Photograph of a parrot.

A Puerto Rican parrot released into the wild at the Maricao State Forest in 2022; Photo by Jan P. Zegarra, Courtesy of the U.S. Fish and Wildlife Service

In 2017, Hurricanes Irma and Maria decimated parrot habitat at El Yunque National Forest. At the time, the national forest was home to 56 wild birds. Some of them died during the storm, while others that survived the storm itself died from starvation or increased hawk predation because of Maria’s aftermath. In December 2020, The Service restarted its parrot-release program to enhance parrot populations on the island. Since then, it has released 81 birds. With the latest releases, the Service estimates that Puerto Rico is home to about 250 wild parrots. Recovery of this species has required a 30-year partnership between the Service and a consortium of wildlife and conservation organizations. 

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Chiura Obata, Upper Lyell Fork, near Lyell Glacier, 1930, color woodcut on paper, Smithsonian American Art Museum, Gift of the Obata Family, 2000.76.5, © 1989, Lillian Yuri Kodani

The Lyell Glacier is the largest glacier in Yosemite National Park. It provides a year-round supply of cold water to the Lyell fork of the Tuolumne River, depicted in Chiura Obata’s piece. Going beyond the frame, visitors might find the mountain yellow-legged frog  along the water’s edge. The mountain yellow-legged frog includes two distinct groups: the southern distinct population segment (endangered in 2002) and the northern distinct population segment (endangered in 2013), separated by a 140-mile stretch of unsuitable habitat.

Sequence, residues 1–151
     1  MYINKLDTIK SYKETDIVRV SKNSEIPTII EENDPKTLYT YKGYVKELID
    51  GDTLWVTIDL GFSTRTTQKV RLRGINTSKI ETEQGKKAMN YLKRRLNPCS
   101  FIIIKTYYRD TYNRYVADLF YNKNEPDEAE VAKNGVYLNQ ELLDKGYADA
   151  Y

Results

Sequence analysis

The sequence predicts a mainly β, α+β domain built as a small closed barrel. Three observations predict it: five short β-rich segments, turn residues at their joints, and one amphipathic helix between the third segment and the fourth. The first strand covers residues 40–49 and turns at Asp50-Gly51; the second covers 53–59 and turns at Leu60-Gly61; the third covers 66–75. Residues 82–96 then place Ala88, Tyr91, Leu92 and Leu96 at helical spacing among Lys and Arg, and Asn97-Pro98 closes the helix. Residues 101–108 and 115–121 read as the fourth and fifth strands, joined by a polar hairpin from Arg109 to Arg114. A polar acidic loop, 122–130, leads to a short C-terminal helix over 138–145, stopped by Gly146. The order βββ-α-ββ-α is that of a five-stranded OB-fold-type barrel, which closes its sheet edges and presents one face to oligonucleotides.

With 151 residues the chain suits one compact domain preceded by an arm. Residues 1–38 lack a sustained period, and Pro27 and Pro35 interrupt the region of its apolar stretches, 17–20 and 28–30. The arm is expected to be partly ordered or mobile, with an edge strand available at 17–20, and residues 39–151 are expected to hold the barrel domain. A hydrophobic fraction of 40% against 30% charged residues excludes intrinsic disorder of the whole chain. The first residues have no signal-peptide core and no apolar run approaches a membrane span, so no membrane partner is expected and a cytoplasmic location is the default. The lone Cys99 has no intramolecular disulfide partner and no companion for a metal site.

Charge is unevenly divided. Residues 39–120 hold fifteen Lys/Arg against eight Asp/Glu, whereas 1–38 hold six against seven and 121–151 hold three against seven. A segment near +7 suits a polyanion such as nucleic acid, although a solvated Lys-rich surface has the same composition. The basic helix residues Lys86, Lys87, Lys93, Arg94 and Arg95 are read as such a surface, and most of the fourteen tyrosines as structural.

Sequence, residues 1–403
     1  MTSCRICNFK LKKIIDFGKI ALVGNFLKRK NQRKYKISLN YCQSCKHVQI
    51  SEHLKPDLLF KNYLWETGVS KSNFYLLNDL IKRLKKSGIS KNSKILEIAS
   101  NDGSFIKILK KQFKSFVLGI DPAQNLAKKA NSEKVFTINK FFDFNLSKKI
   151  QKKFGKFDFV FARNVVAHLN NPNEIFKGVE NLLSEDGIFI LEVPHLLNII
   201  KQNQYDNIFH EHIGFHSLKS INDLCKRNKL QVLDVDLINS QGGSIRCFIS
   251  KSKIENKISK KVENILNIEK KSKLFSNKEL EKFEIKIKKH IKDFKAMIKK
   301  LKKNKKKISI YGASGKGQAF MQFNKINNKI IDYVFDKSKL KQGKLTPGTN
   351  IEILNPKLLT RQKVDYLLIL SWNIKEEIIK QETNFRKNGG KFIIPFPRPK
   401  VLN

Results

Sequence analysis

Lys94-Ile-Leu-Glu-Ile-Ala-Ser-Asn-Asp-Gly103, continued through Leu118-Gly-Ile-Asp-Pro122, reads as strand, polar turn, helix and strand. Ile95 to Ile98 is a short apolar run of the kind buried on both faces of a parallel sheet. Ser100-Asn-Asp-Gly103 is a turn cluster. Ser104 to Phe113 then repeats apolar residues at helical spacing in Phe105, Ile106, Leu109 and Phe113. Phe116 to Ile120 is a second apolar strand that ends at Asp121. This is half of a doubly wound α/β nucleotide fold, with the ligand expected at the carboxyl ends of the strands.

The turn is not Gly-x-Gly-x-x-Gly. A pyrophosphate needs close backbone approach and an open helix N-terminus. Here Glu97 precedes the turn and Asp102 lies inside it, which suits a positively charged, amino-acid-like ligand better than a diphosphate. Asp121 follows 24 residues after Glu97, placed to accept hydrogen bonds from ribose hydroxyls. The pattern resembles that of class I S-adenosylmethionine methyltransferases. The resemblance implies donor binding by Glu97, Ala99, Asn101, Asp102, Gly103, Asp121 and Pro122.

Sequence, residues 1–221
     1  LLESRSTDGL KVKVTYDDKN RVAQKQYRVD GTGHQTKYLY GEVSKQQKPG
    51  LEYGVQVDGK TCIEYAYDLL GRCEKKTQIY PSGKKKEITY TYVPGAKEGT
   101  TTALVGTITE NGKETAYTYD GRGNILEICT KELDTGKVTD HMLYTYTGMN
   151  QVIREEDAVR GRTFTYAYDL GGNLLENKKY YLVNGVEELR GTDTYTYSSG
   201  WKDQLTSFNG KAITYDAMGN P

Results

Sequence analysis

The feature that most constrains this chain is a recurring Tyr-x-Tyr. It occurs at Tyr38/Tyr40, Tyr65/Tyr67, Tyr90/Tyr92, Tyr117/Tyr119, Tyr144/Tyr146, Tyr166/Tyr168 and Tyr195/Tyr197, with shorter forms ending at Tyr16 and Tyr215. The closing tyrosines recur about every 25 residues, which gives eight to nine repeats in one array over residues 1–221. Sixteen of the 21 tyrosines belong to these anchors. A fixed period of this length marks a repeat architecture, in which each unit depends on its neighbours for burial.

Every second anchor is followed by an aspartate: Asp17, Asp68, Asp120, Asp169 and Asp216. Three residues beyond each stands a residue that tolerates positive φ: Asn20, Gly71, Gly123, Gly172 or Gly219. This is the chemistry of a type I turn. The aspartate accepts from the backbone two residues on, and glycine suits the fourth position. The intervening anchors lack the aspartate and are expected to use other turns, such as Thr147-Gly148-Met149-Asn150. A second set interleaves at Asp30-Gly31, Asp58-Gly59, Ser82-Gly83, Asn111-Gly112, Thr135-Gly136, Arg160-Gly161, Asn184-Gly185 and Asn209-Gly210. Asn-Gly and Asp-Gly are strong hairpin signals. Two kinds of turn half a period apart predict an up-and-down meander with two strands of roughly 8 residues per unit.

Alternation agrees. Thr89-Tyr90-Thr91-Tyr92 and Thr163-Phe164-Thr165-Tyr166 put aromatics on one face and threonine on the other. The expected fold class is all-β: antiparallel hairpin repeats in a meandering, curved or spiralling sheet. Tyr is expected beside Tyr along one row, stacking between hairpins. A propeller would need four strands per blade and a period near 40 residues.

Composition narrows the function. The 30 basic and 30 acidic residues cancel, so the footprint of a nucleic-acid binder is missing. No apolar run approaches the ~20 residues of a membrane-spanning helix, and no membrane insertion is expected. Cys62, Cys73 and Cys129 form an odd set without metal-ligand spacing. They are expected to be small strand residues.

Mountain yellow-legged frogs

Mountain yellow-legged frogs; Photo by Joshua Allen Ray, Courtesy of the U.S. Fish and Wildlife Service

The frogs are highly susceptible to a chytrid fungus commonly known as “Bd,” which attacks the frogs’ permeable skin through water or skin-to-skin contact. This fungus compromises their breathing and water balance. While some frog species can live through infection or even be asymptomatic carriers, others are vulnerable. Biologists and researchers from multiple agencies, including the Service, are working to combat Bd. 

Brynn Garner is a public affairs specialist for the U.S. Fish and Wildlife Service.